There are many goals to achieve when deciding to write an API. The functions in the library should be reenterable, easy to include in an application, platform independent, and reasonably flexible with enough functionality to be usable. These goals can often be contradictory; however, they are achievable with enough forethought and planning.

This package is sufficiently abstracted so that the programmer will neither need to know or care how it is implemented; at least that is the goal I have striven to achieve while writing it.

Within this package is found the: source files written in C; make files for various platforms and compilers; a text script which sets the environment correctly when it runs the demo program created by the make utility; README and INSTALL text files; Artistic and Eclipse Licenses; documentation in LATEX2e form; and Python epydoc API documentation; however, most of this document is dedicated to the C API.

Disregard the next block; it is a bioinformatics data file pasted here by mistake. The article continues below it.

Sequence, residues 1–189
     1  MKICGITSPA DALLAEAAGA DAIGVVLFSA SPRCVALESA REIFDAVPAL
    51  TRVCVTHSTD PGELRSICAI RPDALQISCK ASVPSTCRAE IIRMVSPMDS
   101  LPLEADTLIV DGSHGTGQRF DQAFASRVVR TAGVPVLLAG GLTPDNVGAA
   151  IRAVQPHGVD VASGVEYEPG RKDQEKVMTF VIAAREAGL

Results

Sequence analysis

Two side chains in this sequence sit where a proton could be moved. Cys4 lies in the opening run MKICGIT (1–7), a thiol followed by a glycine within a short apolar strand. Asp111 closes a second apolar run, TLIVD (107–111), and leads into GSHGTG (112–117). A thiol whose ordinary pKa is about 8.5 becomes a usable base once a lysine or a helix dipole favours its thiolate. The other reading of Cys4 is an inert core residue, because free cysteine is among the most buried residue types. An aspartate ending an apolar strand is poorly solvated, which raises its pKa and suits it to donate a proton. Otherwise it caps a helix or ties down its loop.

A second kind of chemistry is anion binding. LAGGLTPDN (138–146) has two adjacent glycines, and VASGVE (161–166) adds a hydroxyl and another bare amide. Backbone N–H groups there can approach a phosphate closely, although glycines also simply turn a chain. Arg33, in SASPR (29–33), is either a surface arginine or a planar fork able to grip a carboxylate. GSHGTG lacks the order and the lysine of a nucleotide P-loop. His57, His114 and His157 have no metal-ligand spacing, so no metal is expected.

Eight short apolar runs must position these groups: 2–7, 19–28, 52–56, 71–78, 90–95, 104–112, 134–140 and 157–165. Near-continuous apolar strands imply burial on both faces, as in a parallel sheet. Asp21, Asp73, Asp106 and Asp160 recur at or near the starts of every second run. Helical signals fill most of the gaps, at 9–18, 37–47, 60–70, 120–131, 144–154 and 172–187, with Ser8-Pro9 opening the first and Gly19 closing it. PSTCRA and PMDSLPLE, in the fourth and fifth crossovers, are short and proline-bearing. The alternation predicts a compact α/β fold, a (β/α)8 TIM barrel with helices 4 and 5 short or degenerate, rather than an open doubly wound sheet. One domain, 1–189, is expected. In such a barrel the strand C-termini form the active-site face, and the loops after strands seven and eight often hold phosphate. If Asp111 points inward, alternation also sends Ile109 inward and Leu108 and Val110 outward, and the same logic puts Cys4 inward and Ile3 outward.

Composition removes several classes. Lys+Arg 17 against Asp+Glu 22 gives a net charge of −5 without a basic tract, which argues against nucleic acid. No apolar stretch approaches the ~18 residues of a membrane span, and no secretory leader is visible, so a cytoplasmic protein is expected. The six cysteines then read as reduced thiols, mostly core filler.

A short overview will follow, discussing the philosophy of how the package works including a rationale of the structure and type definition used in the package.

Then the library itself is broken into six groups: initialization, status and state, pointer manipulation, list update, search, and input/output. The Python version has a seventh miscellaneous helper methods.

(a) The initialization group handles the creation, initializing, and destruction of the link list.

(b) The status and state group returns various kinds of information about the status of the link list during its operation.

(c) The pointer manipulation group allows the positioning of the current pointer to the head, the tail, or an arbitrary node within the list.

(d) The list update group adds and deletes nodes.

(e) The search group returns the record information based on key data or on the absolute record position.

(f) The input/output group saves or retrieves record data to or from a disk file.

(g) The Python miscellaneous helper methods group adds some functionality for comparison and testing the Info object.

At this writing there are 29 functions in the C library, each one of which is thoroughly explained and examples given when needed.

Carl J. Nobile 2012-01-15